A target-date fund operates under an asset-allocation formula that assumes you will retire in a certain year. It adjusts its asset-allocation model as it gets closer to that year. The target year is identified in the name of the fund. For example, an older person who plans to retire in or near 2025 would pick a fund with 2025 in its name. Meanwhile, a younger worker, hoping to retire in 2050, would choose a target-date 2050 fund.
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Target-date funds have been criticized for not being customized or tailored to individual situations. To that point, target-date funds do not take into account the individual risk tolerance of any particular investor or any investor's individual circumstances, including any holdings of other assets. Therefore, investors in target-date funds should be aware of how a particular fund intends to reach its investment objectives and what risks that fund's strategies might entail, just as they would with any other investments.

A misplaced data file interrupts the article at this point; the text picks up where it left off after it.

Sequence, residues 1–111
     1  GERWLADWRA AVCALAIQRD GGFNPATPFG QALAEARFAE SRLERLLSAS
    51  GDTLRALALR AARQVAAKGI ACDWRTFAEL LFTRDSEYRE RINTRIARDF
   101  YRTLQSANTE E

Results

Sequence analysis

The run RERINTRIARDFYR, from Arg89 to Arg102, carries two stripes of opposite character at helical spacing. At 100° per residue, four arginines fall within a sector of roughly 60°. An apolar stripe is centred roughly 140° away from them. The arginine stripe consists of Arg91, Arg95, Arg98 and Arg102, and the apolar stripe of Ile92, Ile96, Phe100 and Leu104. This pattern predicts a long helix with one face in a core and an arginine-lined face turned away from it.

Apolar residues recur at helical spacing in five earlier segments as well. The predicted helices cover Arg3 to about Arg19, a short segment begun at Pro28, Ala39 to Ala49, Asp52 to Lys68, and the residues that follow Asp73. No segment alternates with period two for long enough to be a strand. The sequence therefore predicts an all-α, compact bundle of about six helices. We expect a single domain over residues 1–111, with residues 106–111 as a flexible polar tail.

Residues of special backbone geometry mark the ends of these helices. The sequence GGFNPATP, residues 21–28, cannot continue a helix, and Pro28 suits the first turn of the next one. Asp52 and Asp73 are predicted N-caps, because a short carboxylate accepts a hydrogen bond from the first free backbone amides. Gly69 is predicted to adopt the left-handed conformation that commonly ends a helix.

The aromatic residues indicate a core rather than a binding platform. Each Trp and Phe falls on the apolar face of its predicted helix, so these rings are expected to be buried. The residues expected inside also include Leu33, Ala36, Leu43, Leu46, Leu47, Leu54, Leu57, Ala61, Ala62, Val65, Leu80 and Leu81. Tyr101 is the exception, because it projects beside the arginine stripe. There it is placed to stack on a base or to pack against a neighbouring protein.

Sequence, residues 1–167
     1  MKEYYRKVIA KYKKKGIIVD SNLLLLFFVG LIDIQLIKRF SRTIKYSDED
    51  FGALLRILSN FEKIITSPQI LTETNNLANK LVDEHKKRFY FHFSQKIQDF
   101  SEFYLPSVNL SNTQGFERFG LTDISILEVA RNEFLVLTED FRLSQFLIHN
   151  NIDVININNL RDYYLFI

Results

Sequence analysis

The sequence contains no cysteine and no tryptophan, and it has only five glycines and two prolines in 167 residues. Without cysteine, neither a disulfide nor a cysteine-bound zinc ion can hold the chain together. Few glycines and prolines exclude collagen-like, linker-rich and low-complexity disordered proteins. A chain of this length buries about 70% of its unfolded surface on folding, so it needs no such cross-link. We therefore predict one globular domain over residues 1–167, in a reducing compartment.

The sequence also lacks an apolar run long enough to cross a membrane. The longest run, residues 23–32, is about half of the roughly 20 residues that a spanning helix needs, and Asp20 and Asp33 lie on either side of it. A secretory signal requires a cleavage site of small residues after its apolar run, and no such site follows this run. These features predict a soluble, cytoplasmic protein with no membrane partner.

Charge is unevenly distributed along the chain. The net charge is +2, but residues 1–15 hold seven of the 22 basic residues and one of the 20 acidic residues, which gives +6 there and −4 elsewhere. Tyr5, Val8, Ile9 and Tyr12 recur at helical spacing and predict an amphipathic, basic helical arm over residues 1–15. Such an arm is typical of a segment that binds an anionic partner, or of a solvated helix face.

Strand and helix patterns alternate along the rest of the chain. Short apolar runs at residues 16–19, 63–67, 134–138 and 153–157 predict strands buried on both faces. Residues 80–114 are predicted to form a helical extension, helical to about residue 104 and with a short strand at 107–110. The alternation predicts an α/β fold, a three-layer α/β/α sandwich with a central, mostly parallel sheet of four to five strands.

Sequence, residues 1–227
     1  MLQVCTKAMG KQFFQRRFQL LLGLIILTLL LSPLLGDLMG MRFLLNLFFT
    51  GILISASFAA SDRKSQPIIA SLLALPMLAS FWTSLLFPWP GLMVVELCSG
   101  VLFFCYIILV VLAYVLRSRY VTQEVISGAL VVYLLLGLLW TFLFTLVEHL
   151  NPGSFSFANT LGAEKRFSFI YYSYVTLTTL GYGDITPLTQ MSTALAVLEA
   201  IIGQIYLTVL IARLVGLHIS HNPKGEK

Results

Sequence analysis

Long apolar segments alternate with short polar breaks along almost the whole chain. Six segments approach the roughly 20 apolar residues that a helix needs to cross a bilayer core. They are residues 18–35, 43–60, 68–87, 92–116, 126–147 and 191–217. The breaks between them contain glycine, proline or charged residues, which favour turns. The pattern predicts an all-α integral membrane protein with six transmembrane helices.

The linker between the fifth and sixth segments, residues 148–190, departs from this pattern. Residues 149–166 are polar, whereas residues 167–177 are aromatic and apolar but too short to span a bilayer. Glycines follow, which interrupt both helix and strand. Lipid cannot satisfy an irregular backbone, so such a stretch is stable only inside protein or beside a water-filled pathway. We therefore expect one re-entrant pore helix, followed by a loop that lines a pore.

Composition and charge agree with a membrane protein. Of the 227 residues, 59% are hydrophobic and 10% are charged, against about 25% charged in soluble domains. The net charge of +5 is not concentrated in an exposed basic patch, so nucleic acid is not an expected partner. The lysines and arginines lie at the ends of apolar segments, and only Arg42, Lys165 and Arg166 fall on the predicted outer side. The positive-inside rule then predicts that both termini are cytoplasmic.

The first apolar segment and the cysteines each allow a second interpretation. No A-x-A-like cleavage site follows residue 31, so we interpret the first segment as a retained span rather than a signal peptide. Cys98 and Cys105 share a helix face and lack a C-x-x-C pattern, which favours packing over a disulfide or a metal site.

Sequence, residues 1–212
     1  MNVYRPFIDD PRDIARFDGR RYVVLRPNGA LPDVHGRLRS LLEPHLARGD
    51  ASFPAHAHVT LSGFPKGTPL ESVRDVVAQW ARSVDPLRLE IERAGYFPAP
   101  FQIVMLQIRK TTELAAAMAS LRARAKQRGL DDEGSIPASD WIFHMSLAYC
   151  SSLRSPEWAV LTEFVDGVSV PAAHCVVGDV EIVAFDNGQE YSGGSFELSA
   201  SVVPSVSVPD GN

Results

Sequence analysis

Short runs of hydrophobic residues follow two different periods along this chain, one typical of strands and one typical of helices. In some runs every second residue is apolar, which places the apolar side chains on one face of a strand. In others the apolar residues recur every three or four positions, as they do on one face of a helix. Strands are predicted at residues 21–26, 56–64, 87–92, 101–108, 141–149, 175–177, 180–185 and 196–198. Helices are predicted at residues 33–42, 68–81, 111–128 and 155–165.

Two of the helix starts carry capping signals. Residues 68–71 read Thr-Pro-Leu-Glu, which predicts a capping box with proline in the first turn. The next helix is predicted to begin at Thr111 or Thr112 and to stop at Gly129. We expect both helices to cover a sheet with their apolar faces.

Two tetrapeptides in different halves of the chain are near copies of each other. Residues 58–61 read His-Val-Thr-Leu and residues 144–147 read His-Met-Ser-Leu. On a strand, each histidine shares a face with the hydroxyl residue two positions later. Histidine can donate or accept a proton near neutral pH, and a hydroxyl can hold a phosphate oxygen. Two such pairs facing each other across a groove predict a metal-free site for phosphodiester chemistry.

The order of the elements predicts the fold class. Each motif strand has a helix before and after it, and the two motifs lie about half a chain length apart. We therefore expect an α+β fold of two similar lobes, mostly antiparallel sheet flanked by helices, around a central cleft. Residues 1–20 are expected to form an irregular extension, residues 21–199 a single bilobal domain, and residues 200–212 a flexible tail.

Industry experts agree that even investors who use these funds correctly as their sole retirement investment vehicles need to pay close attention to the strategy. It's important to verify that the asset allocation of investments in a target-date retirement fund changes as the target date nears.
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As with any investment, target-date funds can lose money. The mix of assets in a target-date fund is intended to diminish the risk of loss, but as demonstrated by market events in 2008, stocks, bonds and other assets in a target-date fund's portfolio may sometimes lose value.
Certified financial planner Diahann Lassus, president and chief investment officer of wealth-management firm Lassus Wherley, explains the pros and cons of these funds.